Microfluidic paper-based analytical devices (µPADs) for fast and ultrasensitive sensing of biomarkers and monitoring of diseases

Bioimpacts, 8(4), 237-240; DOI:10.15171/bi.2018.26

Editorial

Microfluidic paper-based analytical devices (µPADs) for fast and ultrasensitive sensing of biomarkers and monitoring of diseases

Abdollah Abdollahi-Aghdam1,2, Mir Reza Majidi2, Yadollah Omidi1,3,*

1 Research Center for Pharmaceutical Nanotechnology, Biomedicine Institute, Tabriz University of Medical Sciences, Tabriz, Iran
2 Department of Analytical Chemistry, Faculty of Chemistry, University of Tabriz, Tabriz, Iran
3 Department of Pharmaceutics, Faculty of Pharmacy, Tabriz University of Medical Sciences, Tabriz, Iran

*Corresponding author: Yadollah Omidi, Email: yomidi@tbzmed.ac.ir

Abstract

Through the development of analytical techniques, microscaled devices have displayed attractive advantages, including ultrasensitive detection and analysis, cost-effectiveness, portability, process integrity, multi-process functionality, and in-situ analysis. In the last decade, a new generation of analytical devices has emerged based on the cellulose materials – so-called microfluidic paper-based analytical devices (µPADs) – a field that will change the face of the diagnosis of different diseases and sensing of a wide range of biological/chemical/biochemical phenomena. The main aim of the current editorial is to highlight the importance of the µPADs in the research and development of diagnostic devices and pharmaceuticals.

Keywords: Analytical techniques, Paper-based microfluidics, µPADs, Sensing, Monitoring of diseases, Molecular diagnosis

Paper has been used over the centuries for various experimental purposes such as litmus paper as pH indicator, while the first microfluidic paper-based analytical device (µPAD) was introduced by Whitesides and colleagues in 2007.1 The field of µPADs has continued to develop at an exponential rate with notable impacts on the academic and industrial communities. These devices use cellulose as substrate to serve as paper-based analytical devices (PADs) for the point-of-care diagnosis, biosensing, environmental monitoring, biomedical and pharmaceutical analysis, clinical diagnosis, and forensic investigations.2 Furthermore, paper has played an important role in chemical/biochemical analysis, including home pregnancy tests,3 paper chromatography,4 paper-based colorimetry, paper-based filtration and purification, pH test, etc. The popularity of PADs is based on several advantages, including (i) very low-cost, (ii) power-free due to cellulose fiber networks,5,6 (iii) compatibility with small volume of samples, (iv) the ability to store reagents, (v) easy operation and construction, (vi) portability and disposability. Combination of the microfabrication techniques with the paper has resulted in the generation of de novo cost-effective analytical devices with robust easy and fast applications in different fields of sciences and technologies. Thus, some key insights of various types of papers are discussed, which are used as the substrate, methods for the construction of detection systems, and µPADs for the detection and sensing of biomarkers.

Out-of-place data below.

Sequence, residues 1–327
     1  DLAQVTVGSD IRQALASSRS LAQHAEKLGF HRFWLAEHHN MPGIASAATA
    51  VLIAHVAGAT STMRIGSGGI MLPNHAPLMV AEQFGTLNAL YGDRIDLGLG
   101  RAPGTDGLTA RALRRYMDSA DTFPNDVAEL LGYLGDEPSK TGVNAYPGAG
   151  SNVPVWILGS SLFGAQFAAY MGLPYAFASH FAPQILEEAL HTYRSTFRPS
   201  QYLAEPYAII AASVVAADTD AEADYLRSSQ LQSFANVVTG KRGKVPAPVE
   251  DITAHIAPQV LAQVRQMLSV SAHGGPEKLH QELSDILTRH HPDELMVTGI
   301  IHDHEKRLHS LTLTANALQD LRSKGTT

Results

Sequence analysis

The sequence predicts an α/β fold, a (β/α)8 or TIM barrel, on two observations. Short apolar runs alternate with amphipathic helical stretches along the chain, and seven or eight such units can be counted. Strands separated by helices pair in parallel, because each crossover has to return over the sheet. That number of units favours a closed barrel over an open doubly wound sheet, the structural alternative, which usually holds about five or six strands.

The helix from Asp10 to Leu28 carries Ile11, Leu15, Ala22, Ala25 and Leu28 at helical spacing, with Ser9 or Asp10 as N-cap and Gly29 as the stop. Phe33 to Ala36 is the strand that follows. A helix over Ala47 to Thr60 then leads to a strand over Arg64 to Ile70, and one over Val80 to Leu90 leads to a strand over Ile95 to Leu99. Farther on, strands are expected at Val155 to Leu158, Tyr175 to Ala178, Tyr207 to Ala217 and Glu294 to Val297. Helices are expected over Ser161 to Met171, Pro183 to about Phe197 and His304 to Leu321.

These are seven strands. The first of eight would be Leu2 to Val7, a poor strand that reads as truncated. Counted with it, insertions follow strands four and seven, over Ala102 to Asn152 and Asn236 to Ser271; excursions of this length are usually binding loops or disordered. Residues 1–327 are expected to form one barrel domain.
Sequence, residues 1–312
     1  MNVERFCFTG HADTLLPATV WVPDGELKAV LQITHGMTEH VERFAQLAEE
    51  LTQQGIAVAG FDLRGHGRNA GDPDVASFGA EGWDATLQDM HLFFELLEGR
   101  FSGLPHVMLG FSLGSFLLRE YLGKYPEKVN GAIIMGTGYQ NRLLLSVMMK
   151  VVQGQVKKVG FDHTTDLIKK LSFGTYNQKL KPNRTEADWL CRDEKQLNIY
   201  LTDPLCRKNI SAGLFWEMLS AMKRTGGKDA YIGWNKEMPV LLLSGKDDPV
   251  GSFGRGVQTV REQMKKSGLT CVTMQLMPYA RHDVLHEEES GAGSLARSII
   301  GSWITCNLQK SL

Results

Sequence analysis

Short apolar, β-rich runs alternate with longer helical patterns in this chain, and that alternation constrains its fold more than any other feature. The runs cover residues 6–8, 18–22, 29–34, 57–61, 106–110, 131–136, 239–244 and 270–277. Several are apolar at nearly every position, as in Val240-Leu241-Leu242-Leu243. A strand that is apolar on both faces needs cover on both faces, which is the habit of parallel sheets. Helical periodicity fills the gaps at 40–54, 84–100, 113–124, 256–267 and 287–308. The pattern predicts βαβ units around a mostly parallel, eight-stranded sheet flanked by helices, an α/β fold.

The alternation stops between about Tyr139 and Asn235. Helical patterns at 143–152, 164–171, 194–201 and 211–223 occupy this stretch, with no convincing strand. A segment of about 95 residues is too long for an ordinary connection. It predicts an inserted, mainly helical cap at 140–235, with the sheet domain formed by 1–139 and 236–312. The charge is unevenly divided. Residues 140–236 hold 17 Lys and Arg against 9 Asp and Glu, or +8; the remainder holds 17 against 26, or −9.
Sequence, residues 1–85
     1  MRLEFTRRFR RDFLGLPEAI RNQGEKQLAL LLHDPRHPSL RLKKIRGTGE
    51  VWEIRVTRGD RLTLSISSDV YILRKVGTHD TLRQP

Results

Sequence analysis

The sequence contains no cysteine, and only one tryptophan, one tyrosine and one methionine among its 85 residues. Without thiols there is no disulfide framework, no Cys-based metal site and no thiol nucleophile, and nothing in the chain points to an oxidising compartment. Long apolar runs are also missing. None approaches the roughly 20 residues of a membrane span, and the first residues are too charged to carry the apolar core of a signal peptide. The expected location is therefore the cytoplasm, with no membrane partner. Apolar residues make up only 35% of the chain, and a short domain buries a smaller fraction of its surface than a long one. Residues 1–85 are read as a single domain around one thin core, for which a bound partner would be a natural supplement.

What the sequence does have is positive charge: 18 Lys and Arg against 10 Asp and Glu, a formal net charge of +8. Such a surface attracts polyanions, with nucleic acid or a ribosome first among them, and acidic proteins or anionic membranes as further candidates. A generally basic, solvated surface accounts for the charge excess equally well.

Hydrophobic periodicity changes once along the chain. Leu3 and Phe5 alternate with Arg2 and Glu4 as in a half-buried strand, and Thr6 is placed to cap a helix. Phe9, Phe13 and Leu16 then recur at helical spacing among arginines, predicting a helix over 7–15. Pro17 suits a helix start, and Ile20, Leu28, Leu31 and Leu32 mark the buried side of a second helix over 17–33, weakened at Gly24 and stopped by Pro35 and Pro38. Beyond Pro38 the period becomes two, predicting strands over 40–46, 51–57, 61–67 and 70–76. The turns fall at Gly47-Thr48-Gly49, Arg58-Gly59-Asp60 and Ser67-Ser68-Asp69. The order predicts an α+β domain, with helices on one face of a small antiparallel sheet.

The selection of a paper is largely dependent on the application and construction method. In the last years, Whatman®grade 1 filter, which is one of the standard grade filters, has widely been used in the construction of sensors and microfluidics, in large part because of their suitable flow rate, porosity, and particle retention.7-9 Some researchers have also used Whatman®grade 4 filters,10 Whatman® chromatography paper 1,11 polyester–cellulose blended-paper,12 and glass microfiber filters.13

There are various construction methods for the development of µPADs. The first reported method has been based on the photolithography that provides a high-resolution structure between the hydrophilic and hydrophobic areas.1 The wax screen-printing method is a low-cost and simple approach for the construction of the hydrophobic barriers.14-16 Polymeric organosilicon compounds have also been used for devising the µPADs. In fact, polydimethylsiloxane (PDMS) plotting is deemed to be an excellent approach for the construction of µPADs.17 In this method, a computer-controlled plotter is routinely used for plotting of the PDMS on the paper for the flow delivery in the microfluidics chips. Further, the development of bio-microelectromechanical systems (bio-MEMS) is extensively dependent on the soft lithography for imprinting of the microfluidic channels in both organic and inorganic settings. This technique offers several advantages, including (i) the lower cost than that of the traditional photolithography in terms of large-scale production, (ii) better pattern-transferring methods compared to the traditional lithography techniques and (iii) unnecessity of having a photo-reactive surface devising micro-/nano-design. Some other techniques have also been reported, including inkjet etching/printing,5 plasma etching,10 flexographic printing,18 and cutting19 as well as electron-beam lithography (EBL). Of these, EBL is believed to be one of the tools of choice for the imprinting micro- and/or nano-designs on the surface of a wide variety of materials, in large part due to its capability of imprinting the nano-sized structures on the tiny surface (up to mm2) with great details.

So far, we have developed and applied a number of different biosensors for the monitoring and sensing of various inorganic/organic materials using differently advanced nanobiomaterials.20-26 The colorimetric detection is a cost-effective simplest method for the detection of various biological entities.27-29 This latter approach is largely dependent on the implementation of µPADs. As a matter of fact, the integration of µPADs with the electrochemical detection approaches were shown to provide a very useful, portable, accurate and robust detection systems – applicable for the detection in various types of settings.30,31 Other detection techniques like chemiluminescence,7,32 and fluorescence33 can also be implemented using µPAD technologies. The µPADs are used in various fields, including environmental monitoring they of contaminations,34 food safety,35 health diagnostics,36,37 biodefence (micro-organisms sensing),38,39 and drug discovery31 as well as a biomarker and single cell detections. Fig. 1 represents a schematic illustration of the µPAD technology.